With a big smile I came home and told Jane all about how we could afford our own house. I played around with some more figures and then went and had a look at the house. Needless to say we both really liked it, so ummed and ahhhed for a while and then put in an offer. Subject to finance of course.

    Boy did we learn a few lessons through this experience:

    1) Real Estate Agents can be very difficult to deal with, especially when they sense naivity....

    2) Banks have no logic whatsoever, and if you dont fit into their calculations, then that is that.

    I have just read Monid's story, and had exactly the same experience as them. We never missed a rent payment, had a good credit history, and a good income....but we didnt fit their calculators....even though our current rent was more than the repayment!!

    After being rejected (very quickly) by our current bank, I thought I would try a mortgage broker. We sat down and within a few minutes we were laughed out of his office with a come back in a few years statement made in between his laughs.

    This did the opposite of put me off, and using my trait described above I 'focused' on getting us into our first
    house.

    episode 2 will be tommorow!
    No Regrets

  • #2
    Fantastic!!!! looking forward to the next episode

    Originally posted by No Regrets
    I followed what I guess some may call a standard path for people my age.....finished school (somewhat reluctantly) and then went off to Otago University, almost randomly picking a degree to do while not really knowing what I wanted to do with my life.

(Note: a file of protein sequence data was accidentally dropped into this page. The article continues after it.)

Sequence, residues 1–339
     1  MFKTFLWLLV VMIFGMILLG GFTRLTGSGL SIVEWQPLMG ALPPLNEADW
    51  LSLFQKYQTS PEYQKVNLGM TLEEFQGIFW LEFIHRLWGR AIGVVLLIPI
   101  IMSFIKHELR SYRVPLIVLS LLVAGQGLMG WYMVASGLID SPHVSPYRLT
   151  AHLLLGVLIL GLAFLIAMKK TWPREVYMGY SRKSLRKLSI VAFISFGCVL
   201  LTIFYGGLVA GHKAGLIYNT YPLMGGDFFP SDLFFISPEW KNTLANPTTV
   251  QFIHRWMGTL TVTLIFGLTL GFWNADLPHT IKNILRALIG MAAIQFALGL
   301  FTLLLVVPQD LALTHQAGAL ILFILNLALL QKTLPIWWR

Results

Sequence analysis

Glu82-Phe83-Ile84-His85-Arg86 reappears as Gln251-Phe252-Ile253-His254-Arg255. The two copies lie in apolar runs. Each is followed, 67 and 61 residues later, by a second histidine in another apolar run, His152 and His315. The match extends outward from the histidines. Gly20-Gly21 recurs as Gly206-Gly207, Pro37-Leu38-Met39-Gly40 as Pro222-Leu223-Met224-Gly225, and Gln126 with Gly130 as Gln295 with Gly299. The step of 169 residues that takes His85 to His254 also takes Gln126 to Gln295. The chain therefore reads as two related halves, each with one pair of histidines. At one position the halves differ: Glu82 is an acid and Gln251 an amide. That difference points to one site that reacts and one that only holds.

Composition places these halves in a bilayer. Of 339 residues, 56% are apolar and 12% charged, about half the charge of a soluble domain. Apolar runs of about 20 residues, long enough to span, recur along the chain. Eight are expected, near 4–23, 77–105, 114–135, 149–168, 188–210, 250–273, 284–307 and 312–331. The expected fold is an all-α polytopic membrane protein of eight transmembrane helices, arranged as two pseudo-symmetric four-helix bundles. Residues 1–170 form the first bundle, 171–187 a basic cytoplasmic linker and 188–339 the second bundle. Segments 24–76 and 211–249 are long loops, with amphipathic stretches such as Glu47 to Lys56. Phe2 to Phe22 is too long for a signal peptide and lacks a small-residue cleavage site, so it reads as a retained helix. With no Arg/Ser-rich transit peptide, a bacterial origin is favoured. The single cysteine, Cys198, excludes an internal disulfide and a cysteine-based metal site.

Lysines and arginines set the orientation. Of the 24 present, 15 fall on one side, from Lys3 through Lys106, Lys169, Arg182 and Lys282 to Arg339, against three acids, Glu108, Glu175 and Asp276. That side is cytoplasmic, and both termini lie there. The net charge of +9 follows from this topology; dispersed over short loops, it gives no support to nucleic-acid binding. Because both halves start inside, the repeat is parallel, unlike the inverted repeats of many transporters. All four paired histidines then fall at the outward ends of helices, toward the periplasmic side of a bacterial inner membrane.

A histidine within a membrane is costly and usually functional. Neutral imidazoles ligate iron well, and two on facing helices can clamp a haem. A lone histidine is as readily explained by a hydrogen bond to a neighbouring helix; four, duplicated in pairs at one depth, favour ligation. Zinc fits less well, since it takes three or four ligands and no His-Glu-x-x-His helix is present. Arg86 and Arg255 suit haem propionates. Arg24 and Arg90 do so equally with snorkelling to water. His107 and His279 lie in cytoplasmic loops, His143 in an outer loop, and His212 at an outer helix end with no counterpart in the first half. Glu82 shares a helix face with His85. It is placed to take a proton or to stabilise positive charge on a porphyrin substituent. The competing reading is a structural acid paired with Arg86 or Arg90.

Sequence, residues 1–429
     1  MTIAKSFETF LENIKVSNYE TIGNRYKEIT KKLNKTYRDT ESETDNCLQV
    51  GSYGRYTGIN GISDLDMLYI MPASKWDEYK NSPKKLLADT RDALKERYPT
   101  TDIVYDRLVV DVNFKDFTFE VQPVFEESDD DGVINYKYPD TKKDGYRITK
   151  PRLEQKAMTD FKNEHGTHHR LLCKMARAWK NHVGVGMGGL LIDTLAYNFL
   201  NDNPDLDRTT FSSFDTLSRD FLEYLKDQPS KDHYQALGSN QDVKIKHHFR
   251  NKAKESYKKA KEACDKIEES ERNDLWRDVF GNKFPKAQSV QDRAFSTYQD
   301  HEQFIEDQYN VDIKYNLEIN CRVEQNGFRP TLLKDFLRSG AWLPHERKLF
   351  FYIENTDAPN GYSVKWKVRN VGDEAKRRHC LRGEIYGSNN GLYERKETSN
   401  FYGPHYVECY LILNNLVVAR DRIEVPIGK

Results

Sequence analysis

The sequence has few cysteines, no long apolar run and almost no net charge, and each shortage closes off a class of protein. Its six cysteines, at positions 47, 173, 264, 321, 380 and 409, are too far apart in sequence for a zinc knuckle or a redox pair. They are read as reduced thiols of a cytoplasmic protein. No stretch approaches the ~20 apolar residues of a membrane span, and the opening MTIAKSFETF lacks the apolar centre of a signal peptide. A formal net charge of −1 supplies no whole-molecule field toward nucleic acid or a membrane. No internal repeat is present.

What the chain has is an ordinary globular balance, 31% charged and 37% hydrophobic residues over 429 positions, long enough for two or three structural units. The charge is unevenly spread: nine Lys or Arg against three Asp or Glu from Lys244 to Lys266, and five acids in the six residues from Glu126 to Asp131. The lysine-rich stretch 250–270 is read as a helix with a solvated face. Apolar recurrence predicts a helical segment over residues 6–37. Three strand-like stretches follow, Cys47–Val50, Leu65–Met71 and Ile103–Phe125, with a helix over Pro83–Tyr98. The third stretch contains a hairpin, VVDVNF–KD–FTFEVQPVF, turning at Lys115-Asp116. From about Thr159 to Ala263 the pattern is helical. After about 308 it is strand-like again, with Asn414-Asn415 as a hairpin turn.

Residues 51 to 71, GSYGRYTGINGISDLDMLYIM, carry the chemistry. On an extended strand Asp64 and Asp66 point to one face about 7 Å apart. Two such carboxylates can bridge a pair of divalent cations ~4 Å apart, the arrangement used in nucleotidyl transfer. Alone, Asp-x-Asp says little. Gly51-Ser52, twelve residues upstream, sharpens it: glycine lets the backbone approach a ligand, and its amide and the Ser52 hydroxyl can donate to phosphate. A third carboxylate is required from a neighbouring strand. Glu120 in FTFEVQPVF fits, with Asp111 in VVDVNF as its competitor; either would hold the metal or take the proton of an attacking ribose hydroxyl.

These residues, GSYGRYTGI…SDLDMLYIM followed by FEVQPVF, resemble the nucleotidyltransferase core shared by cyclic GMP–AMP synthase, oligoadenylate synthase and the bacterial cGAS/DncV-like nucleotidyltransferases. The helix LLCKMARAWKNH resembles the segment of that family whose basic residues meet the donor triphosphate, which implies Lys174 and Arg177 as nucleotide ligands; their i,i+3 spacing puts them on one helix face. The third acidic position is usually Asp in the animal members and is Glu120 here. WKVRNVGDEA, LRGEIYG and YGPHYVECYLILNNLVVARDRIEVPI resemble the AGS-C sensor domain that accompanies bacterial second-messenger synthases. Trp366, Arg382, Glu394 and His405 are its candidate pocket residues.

Speaking as a university lecturer, this is incredibly common. I almost think it is better to go out and work before you go to University.

    Originally posted by No Regrets
    To this day when I look back at the money I made I cannot figure for the life of me what happened to it, I certainly didnt save any of it.
    I know this feeling Its surprisingly easy to have money just disappear.

    Cheers
    David
    New to property investing? See: Best PropertyTalk Threads for New and Old Investors And/Or:Propertytalk Wiki

    Comment


    • #3
      Cheers Monid

      I almost think it is better to go out and work before you go to University.
      Couldnt agree more, it would save some people a lot of money and/or time...good old hindsight!

      Really enjoying your story too!
      No Regrets

      Comment


      • #4
        David/No Regrets,

        I worked for 4 years before I went to University.

        That was enough to make me decide that I would never work again, unless it was something that I really wanted to do. That is perhaps one of the most important lessons I have learnt to date: life is too short to spend doing things you don't like doing.

        No Regrets - a big thanks for choosing to share your story.

        Paul.

        Comment


        • #5
          No regrets.

          Your story is almost word-for-word mine. Except I am 22 years old have just started that "big" job in Wellington after 4 years of study. I want that "flash" car but have been holding off to buy a house instead.

          I do however track in a monthly spreadsheet where all my cash goes.
          James

          "Time is the great equalizer. It will either promote or expose you." -Jeff Olson

          Comment


          • #6
            Originally posted by No Regrets View Post